Workplace Falls Still Dominate OSHA’s Top 10 List

Workplace Falls Still Dominate OSHA’s Top 10 List

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What can you do to protect your organization from workplace falls?

People have been falling off ladders since the dawn of time. In fact, OSHA was initially founded to address workplace falls. So, it’s no surprise that fall protection still dominates OSHA’s top-10 citation list for 2020. Scaffolding and ladders are right behind at No. 4 and No. 5. It seems like once people get their feet off the ground, they have trouble staying there!

So how can you learn from this and improve your organization’s record? If you want to hedge your bets, we’d suggest focusing on falls.

Have a strong safety program

We preach this all the time. Having a strong safety culture is the most cost-effective way to keep people safe, manage your claims and reduce your overall financial exposure. The key is doing the basic stuff right every time:

  • Safety must be supported from the top down. Your leaders need to be talking about it all the time.
  • You need a safety director – even if that person has another role. Having a central resource is important.
  • Repeat, repeat, repeat. You can’t deliver the safety message too often. Your employees should be hearing about it daily.
  • Document your safety program. Having a written record of your policies, practices and training can go a long way toward enforcing them. They also may help you defend a claim.
  • Ensure you’re training new employees thoroughly. But don’t forget the long-timers. They need refresher training, too.
Monitor and adjust

Part of your safety leader’s job should include analyzing and investigating incidents even when they don’t end up becoming a claim. For example, if you’re seeing a lot of injuries to a certain body part – say leg fractures – you can look into the causes. Do you need to address ladder safety or adjust the way your employees do a particular function?

We recently worked with a food manufacturer experiencing a high number of workplace falls in the form of slips, trips and falls. They looked at which shifts and supervisors correlated with the highest number of incidents. Turns out a specific supervisor was pushing his team too hard. They also had a good number of new hires whose capacity was strained, leaving them vulnerable to mistakes and near-misses.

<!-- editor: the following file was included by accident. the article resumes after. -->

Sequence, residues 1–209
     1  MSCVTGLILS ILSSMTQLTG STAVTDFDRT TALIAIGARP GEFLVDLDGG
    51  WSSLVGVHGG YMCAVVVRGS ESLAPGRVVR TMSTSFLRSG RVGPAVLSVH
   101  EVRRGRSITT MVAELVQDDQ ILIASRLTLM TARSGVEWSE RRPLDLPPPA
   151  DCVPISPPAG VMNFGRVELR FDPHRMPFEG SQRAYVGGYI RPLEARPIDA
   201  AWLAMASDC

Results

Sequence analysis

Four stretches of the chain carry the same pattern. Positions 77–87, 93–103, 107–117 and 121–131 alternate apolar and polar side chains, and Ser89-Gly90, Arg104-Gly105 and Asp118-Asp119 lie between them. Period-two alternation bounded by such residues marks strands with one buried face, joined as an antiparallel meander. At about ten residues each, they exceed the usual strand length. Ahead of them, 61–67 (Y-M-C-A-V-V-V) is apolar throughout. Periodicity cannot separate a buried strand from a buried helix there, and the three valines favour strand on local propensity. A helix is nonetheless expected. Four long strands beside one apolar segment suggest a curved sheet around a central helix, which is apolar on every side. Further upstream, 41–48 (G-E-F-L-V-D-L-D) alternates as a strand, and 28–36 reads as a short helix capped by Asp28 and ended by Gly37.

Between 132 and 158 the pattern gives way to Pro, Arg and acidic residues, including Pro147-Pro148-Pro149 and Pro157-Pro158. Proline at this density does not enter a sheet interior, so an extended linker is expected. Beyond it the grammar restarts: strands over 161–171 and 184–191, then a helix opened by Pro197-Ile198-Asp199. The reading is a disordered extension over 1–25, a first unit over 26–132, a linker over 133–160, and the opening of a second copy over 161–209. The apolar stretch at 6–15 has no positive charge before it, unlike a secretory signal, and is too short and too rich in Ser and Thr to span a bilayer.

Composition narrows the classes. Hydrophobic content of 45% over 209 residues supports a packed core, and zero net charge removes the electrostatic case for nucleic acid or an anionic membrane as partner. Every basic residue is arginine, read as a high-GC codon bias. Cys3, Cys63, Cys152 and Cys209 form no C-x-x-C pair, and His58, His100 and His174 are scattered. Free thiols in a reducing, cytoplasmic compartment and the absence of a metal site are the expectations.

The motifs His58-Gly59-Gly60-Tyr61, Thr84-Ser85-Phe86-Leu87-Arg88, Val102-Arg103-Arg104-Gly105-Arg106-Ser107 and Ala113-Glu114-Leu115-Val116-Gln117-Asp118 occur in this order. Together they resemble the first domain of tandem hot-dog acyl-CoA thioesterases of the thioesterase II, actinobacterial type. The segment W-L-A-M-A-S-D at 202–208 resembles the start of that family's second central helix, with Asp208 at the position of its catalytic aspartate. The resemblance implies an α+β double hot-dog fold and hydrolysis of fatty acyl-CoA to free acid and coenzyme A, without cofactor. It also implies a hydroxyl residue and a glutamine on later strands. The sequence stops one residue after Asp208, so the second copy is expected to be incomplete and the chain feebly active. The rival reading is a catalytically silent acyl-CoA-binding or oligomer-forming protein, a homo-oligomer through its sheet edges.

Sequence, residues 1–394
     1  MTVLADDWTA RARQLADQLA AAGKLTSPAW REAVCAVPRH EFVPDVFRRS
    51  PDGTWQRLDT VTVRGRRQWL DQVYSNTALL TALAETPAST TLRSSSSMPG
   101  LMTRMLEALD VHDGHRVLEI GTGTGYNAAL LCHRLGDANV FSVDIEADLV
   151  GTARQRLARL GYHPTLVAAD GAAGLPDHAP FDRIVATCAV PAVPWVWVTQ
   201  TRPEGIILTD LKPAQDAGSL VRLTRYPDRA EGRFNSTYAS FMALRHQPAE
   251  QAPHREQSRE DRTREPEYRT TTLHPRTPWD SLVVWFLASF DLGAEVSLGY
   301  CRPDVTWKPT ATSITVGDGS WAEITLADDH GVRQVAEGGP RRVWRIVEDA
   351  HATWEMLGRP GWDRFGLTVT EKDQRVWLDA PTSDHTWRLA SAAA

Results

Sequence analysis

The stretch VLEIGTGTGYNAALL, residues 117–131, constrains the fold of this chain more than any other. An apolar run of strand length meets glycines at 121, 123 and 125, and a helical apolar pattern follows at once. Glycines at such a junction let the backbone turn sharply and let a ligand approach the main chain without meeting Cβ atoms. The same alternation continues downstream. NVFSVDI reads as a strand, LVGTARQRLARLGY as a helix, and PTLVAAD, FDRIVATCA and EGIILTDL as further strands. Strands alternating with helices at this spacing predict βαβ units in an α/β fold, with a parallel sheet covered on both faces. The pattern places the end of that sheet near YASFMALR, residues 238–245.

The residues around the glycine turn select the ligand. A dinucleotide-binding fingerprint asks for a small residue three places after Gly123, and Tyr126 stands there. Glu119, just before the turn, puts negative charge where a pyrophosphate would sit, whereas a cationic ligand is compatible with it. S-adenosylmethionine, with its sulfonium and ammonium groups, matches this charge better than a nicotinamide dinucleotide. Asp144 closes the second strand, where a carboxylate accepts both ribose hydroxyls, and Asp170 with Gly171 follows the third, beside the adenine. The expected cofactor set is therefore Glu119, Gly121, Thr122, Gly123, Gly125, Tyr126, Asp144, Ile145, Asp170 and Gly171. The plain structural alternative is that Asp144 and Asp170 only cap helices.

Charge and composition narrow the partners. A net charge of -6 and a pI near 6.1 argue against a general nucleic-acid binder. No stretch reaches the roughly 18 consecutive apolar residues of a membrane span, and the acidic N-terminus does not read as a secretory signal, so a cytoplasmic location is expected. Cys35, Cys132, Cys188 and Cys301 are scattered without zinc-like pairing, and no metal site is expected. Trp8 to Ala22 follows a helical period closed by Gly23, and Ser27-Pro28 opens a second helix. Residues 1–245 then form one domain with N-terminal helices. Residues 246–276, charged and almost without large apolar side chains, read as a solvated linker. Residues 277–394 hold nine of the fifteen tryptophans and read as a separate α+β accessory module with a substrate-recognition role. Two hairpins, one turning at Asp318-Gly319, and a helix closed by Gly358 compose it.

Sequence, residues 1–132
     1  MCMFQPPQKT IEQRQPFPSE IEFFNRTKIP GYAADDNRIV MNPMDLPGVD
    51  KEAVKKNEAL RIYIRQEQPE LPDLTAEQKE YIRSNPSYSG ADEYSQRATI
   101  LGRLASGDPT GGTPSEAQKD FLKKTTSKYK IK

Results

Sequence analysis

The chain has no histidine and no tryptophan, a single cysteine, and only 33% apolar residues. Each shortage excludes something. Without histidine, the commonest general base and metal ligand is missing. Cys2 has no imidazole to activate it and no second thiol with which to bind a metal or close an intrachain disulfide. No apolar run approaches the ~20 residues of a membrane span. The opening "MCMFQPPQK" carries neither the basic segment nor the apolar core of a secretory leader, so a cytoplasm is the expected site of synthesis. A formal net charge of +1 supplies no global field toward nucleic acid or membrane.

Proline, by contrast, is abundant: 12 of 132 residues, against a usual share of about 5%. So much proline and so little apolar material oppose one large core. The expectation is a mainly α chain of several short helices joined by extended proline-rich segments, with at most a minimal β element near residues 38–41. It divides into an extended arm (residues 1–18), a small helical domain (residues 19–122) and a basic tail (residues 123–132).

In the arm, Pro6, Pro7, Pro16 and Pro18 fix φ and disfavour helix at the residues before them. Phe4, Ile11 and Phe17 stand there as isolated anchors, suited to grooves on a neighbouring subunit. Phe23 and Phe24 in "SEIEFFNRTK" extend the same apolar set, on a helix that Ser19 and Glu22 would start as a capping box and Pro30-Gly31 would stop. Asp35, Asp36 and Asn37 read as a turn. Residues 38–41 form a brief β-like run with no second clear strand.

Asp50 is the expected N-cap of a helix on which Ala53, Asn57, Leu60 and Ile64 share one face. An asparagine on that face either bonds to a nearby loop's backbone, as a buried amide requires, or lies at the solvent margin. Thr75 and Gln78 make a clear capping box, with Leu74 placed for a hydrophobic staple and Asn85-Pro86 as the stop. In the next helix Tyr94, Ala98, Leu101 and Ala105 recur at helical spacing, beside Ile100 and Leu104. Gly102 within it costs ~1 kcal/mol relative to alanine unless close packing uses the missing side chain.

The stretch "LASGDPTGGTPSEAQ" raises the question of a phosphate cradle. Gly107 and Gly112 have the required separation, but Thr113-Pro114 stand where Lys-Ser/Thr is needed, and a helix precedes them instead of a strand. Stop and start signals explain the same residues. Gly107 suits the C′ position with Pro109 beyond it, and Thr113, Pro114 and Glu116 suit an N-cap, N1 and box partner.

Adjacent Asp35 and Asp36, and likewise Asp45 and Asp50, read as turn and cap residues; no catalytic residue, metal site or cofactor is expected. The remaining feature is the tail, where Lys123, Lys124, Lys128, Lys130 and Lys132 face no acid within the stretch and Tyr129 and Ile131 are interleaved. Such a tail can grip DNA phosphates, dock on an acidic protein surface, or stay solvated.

That leads us to accountability. Part of your strategy should involve the shift or project manager.  Consider the role they play in training or setting standards that may be compromising safety. Are they investigating incidents and coaching or retraining their team based on what they learned?

Don’t forget to look at public hazards, too. Are customers or passersby at risk? What can you do to minimize it?

No need to reinvent the wheel

You have plenty of resources available.

  • Clients of The Miller Group have free access to Mineral, a safety software that includes new-hire orientation, safety training modules and other HR topics.
  • Ask your broker or carrier to do a safety walk through. We’re on your side when it comes to reducing risk!
  • After you’ve exhausted the resources of your carrier and broker, you may consider inviting the federal or state OSHA organizations in for a voluntary analysis. But keep in mind you will then be required to fix everything they find to be out of regulation.
Innovation can help

We’re seeing a lot of innovation in using technology for better data analysis and trending that can help you pinpoint the root causes of safety problems. More convenient reporting tools are available, too. Clients of The Miller Group can receive easy-to-understand, bite-sized reports that use their insurance claims to reveal injury trends.

There are even some new ladders on the market that keep users from using the very top step and provide auditory clues at the bottom to make sure they don’t miss that last step.

When it comes to workplace falls and safety, you either invest on the front end or you pay on the back end in the form of claims and worker’s compensation premiums – not to mention lower morale, slower operations and missed project opportunities.



By Tanner Smith, Commercial Risk Advisor
and Aaron Paris, ASP, Director of Safety

See also:
Tips To Reduce Your MOD Rate
Safety And The Cost Of Doing Nothing
Safety Q&A: OSHA Changes With The New Administration

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